At this point, search engines like Google still offer a ranking bonus for a particular keyword is that exact keyword is the entire domain name. In general, keywords in URLs are nice and can help rankings, but the exact in particular has consistently offered a noticeable difference. So, in the evaluation of a particular domain, this aspect should be considered. But how, and to what extent?

Shaky Ground

First, it should be mentioned that at any given moment, this particular advantage can disappear. While in many cases it represents a worthwhile connecting of a user to an extremely relevant site, the potential for (and existing instances of) abuse make it a risky ranking factor. If Google decides that the bonus is doing more harm to their results than good, they can pull the plug.

A General Formula

When assessing most things, the calculation often comes down to a combination of quality and quantity. In this case, quantity represents search volume potential for the exact term (by default Broad Match is selected, and you need to check the Exact Match box to get the right figure), whereas quality can represent a few things, including potential to drive sales, and, in the easiest and most direct sense, the Google Adwords estimated average cost per click (cpc) for bids for this keyword. This figure represents what it would cost for a click from a Google ad, all other factors affecting click costs being equal. The more value that keyword can bring, the more people tend to be willing to pay for it, which drives the average cost up. So if you see a high cost, the keyword has potential, and any organic ranking advantage you can snag is probably worth it.

As such, while domaining obviously involves a large amount of factors, on this front a basic way to look at it is the Adwords monthly volume X cpc. This does not represent the amount you would earn per month, as from the Adsense side your money doesn’t equal the amount the person spent on the Adwords side (Google does take a cut), plus the exact domain doesn’t necessarily mean rankings, rankings don’t necessarily mean clicks from every searches, and clicks to your site don’t necessarily all turn into Adsense clicks.

At this point, it’s hard to really know what a volume and cpc combination would really bring your bottom line, even if you were certain you could lock up a top ranking. I just bought an exact match domain with over a million monthly exact searches and a lowish but not negligible estimated average cpc. With that kind of volume, I should see some return for sure once my site gets ranking, but it’ll be hard to know the potential until I do get the rankings going, and even then tweaking the design of the site along with the look and placement of the ads can have an important impact.

Even if you can’t predict an exact return on investment, this formula does give you some relative basis for comparison between multiple exact match domain options, or even between keywords in general outside of domaining. Like I said, it does get more complicated than this, but having a starting point for numerical comparison is really handy.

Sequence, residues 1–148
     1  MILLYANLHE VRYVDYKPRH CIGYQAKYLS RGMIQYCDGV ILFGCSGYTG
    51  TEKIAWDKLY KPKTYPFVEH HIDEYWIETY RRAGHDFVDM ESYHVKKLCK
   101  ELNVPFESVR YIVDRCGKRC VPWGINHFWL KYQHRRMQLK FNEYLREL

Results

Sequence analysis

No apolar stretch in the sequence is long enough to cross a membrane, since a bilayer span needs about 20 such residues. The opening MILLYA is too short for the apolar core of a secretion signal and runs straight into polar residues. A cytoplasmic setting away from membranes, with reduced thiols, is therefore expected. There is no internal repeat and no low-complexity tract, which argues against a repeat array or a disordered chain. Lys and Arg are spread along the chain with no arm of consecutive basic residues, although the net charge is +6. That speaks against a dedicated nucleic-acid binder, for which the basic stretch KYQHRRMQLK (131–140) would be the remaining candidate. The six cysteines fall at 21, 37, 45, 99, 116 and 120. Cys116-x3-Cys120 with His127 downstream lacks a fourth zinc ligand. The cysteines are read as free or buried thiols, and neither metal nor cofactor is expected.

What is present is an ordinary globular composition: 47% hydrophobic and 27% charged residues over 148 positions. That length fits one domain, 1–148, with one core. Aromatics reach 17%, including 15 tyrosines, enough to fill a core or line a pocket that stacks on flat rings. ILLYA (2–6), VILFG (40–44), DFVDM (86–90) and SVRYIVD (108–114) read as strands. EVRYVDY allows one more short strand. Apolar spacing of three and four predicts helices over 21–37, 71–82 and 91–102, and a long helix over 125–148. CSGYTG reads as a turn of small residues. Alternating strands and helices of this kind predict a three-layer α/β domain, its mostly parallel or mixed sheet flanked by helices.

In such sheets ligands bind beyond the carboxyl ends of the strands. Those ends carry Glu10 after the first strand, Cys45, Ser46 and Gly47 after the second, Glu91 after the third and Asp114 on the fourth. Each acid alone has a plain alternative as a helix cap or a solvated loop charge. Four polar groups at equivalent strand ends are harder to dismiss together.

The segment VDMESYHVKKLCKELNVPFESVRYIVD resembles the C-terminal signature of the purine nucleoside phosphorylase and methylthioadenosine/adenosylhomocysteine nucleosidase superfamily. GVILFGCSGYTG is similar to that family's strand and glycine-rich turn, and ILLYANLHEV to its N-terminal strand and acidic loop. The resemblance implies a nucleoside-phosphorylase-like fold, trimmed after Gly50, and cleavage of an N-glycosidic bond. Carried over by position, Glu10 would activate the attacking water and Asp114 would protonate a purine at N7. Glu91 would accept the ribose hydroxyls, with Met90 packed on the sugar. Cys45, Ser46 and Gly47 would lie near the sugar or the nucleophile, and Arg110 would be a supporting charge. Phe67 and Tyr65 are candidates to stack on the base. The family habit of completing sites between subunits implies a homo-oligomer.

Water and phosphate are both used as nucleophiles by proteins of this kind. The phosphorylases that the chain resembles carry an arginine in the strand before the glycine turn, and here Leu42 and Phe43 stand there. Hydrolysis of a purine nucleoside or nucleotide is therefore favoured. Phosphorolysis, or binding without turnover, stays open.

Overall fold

Non-Functional Keywords

Sometimes the volumes and cpc scores are good, but the domain is still potentially not worth buying because of the kind of keyword it is. In scouting for domains for sale at auction, I often come across keywords that were clearly bought for this reason. For example, let’s say ‘garden hose holder’ had great volume and cpc scores, and you could get a good deal on gardenhoseholder.com. While that might be tempting, a site about garden hose holders in particular might come across as a bit strange. Yes, the interest is there, but people searching are likely looking for a site for which garden hose holders represent a single category among others, and as a result, might not so much be willing to click on a domain like yours.

Yes, you might be able to flip the domain to someone not considering this (or who is intending to flip as well), but in general, it’s a better idea to buy sites that could be developed into successes, even if you don’t intend to at all. Have a search for the keyword in question and see what the results show. Would an exact match domain make sense in those results? Even if they don’t, if the volumes and cpc are high enough it may still be worth it. I’m just highlighting a factor to consider.

On the flipside, if a medium volume and cpc could very easily be turned into not only a plausible site but a plausibly clickable search result, then that should boost your interest.

Moving Forward

Do keep an eye out for these kinds of domains. If you’ve been a domainer for a while, didn’t think of domains in these terms, but kept seeing strange amounts of bid interest or high costs on some domains, this could very well be why. Even if this does not become a primary domain evaluation factor for you, it’s still a good idea to always do this kind of check. For some domains it will be totally empty (like short, brandable, meaningless words), but if it seems like the domain is indeed a keyword, it only makes sense to check it out from a keyword standpoint specifically.

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